You remember Larry Brown, don’t you?
(No, not the former Sixers’ coach/troubadour.)
I’m talking about the former Cowboys cornerback who intercepted two Neil O’Donnell passes in Super Bowl XXX, then scored a huge free agent pay-day based solely on his good fortune in that one game.
And while Brown’s success in Dallas’ Super Bowl win over the Steelers was really as much luck as anything else, his situation is comparable to that of baseball’s newest superstar, Giants second baseman Marco Scutaro.
Since his arrival to the Giants in a trade with Colorado, Scutaro has been nothing short of remarkable.
In 61 games and 268 plate appearances with San Francisco, Scutaro hit .362/.385/.473, with an OPS+ of 145. He has surpassed that production in the playoffs, winning NLCS MVP honors after hitting .500/.533/.607 with 14 hits in 28 at bats. He has also played brilliant defense.
And with so few infield options available on the free agent market this year, a guy like Scutaro, who can play second, shortstop and third (YOU HEAR THAT PHILLIES FANS!!! THIRD BASE!!! THIRD BASE!!! THIRD BASE!!!… panting heavily… knees getting weaker… need… a… third… baseman… soooooooo… badly!) all of a sudden becomes a very palatable option.
And it’s true, Marco Scutaro is in one of those zones where the baseball, as Fox announcer Tim McCarver so creatively put it last night, looks like a watermelon at the plate.
Josh Hamilton: 65 swings and misses in his last 15 games (63 PA). Marco Scutaro: 62 swings and misses in all of 2012 (736 PA).
— Mark Simon (@msimonespn) October 23, 2012
Marco Scutaro- 7 swings in Game 1, missed none. He’s now taken 89 swings this postseason and only missed twice.
— ESPN Stats & Info (@ESPNStatsInfo) October 25, 2012
But looking a little closer at Scutaro’s career numbers reveal a nice player, but not someone to whom you want to plop down gobs of cash.
|2002||26||New York Mets” href=”http://www.baseball-reference.com/teams/NYM/2002.shtml?utm_source=direct&utm_medium=Share&utm_campaign=ShareTool”>NYM||NL||27||38||36||2||8||0||1||1||6||0||1||0||11||.222||.216||.361||.577||52|
|2004||28||Oakland Athletics” href=”http://www.baseball-reference.com/teams/OAK/2004.shtml?utm_source=direct&utm_medium=Share&utm_campaign=ShareTool”>OAK||AL||137||477||455||50||124||32||1||7||43||0||0||16||58||.273||.297||.393||.690||79|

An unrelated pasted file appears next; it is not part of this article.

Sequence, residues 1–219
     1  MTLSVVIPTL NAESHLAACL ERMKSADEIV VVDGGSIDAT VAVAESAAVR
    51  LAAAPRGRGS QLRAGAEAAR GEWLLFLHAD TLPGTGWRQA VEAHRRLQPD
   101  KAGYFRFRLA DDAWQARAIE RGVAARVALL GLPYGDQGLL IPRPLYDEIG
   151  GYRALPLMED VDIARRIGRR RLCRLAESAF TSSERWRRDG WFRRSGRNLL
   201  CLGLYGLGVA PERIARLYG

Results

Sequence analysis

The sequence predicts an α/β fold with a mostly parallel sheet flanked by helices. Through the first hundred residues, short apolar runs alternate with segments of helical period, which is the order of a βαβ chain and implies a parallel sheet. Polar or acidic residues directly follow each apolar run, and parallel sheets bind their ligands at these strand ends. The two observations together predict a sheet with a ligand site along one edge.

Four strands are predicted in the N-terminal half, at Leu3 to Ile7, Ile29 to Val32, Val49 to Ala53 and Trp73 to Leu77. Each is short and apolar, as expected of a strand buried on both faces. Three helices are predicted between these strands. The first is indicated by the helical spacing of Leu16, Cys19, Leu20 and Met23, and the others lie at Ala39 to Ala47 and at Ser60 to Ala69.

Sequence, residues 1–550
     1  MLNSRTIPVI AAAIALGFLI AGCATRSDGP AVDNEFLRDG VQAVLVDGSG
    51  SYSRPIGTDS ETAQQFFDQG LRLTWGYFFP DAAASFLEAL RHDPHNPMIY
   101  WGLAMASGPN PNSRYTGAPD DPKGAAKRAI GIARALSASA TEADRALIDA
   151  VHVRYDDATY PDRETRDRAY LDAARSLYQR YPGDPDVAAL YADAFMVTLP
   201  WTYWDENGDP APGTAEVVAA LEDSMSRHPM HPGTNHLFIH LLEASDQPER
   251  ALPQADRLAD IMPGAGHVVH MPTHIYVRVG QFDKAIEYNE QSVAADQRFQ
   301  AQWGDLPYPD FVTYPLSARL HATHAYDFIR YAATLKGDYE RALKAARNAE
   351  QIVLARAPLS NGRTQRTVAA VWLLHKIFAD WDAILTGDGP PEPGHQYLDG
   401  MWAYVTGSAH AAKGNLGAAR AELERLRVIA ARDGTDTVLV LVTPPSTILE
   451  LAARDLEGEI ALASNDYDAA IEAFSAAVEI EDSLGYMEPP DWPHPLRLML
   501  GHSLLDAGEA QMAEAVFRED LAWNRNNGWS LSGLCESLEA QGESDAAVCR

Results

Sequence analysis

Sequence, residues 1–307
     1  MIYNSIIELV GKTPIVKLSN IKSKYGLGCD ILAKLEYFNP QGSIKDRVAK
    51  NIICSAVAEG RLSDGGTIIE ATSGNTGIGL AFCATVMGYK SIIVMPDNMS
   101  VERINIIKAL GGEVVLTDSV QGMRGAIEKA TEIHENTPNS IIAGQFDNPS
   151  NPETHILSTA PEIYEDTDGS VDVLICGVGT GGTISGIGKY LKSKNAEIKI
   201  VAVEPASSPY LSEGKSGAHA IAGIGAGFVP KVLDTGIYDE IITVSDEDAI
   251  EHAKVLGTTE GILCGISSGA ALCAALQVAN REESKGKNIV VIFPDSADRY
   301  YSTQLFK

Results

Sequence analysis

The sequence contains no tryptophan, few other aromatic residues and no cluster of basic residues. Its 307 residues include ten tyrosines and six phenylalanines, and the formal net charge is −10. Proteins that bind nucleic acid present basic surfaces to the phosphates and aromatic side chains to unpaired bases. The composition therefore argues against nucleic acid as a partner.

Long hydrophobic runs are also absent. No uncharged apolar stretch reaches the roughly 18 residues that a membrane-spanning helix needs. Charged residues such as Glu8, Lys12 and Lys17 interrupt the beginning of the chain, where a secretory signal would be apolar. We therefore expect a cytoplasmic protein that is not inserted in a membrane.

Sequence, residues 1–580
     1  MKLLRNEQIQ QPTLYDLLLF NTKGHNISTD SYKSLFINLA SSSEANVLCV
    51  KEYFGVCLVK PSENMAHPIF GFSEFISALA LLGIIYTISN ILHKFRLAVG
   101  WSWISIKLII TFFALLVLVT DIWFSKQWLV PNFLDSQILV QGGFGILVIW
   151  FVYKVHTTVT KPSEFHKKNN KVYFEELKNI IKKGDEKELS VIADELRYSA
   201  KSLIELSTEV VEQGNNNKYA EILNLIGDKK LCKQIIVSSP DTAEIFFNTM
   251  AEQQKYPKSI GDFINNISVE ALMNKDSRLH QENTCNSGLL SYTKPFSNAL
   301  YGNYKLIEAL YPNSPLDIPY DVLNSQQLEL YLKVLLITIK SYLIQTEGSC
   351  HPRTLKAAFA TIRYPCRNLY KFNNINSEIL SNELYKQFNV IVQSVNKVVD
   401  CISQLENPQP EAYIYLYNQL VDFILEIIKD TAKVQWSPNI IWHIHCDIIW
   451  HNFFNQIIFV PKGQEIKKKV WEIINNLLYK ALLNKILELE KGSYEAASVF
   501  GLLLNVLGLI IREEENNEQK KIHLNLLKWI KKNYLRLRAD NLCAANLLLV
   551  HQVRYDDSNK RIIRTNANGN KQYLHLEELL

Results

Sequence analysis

|2008||32||Toronto Blue Jays” href=”http://www.baseball-reference.com/teams/TOR/2008.shtml?utm_source=direct&utm_medium=Share&utm_campaign=ShareTool”>TOR||AL||145||592||517||76||138||23||1||7||60||7||2||57||65||.267||.341||.356||.697||88|
|2010||34||Boston Red Sox” href=”http://www.baseball-reference.com/teams/BOS/2010.shtml?utm_source=direct&utm_medium=Share&utm_campaign=ShareTool”>BOS||AL||150||695||632||92||174||38||0||11||56||5||4||53||71||.275||.333||.388||.721||92|
|2012||36||Colorado Rockies” href=”http://www.baseball-reference.com/teams/COL/2012.shtml?utm_source=direct&utm_medium=Share&utm_campaign=ShareTool”>COL||NL||95||415||377||47||102||16||3||4||30||7||3||27||35||.271||.324||.361||.684||73|
|2012||36||San Francisco Giants” href=”http://www.baseball-reference.com/teams/SFG/2012.shtml?utm_source=direct&utm_medium=Share&utm_campaign=ShareTool”>SFG||NL||61||268||243||40||88||16||1||3||44||2||1||13||14||.362||.385||.473||.859||145|
|162 Game Avg.||162||634||565||80||156||32||2||10||62||7||3||55||69||.276||.340||.391||.731||94|
Obviously, Scutaro is a very nice player. He’s an above average player with a career slash line of .276/.340/.391, with 18 career HRs in 1259 games.
But he is not the player we’ve been seeing for the last two weeks. He’s not an unstoppable hit machine. He’s a decent infielder nearing the end of his career.
This is not meant to demean what Scutaro is doing right now. At 37 years old, this will undoubtedly be the shining achievement of his career, even if the Giants don’t end up winning the World Series. And he certainly would be an upgrade at third base for the Phillies over what they have now, especially because his splits against righties and lefties are historically pretty even.
|vs RHP as RHB||1104||3593||3210||893||179||15||49||356||45||18||295||396||.278||.339||.389||.728||.301||99|
|vs LHP as RHB||563||1333||1178||316||67||3||26||122||8||4||133||137||.268||.342||.396||.738||.284||102|
|vs LH Starter||382||351||1562||1369||214||379||82||2||30||165||8||4||159||146||.277||.352||.405||.757||.290||107|
|vs RH Starter||877||759||3364||3019||411||830||164||16||45||313||45||18||269||387||.275||.334||.385||.719||.300||97|
So the Phillies should make a play for him… but only for the right price.
Only a one year deal, possibly with an option, would make sense for the Phils. Anything longer than that and you’re paying a 40-year old guy to play baseball for a team that already has age issues. And one would think Scutaro’s Ty Cobb impersonation isn’t going to last and will likely price him out of the Phillies’ budget and long-term plans.
Besides, San Francisco will likely make the same kind of push to re-sign him after the season like they did with Aubrey Huff and Pat Burrell after their World Series win in 2010. And there are indications Marco would like to stay, anyway.
But someone is going to pay this guy a lot of money this offseason and make him a multi-year commitment based on his inflated postseason numbers.
That team should not be the Phillies.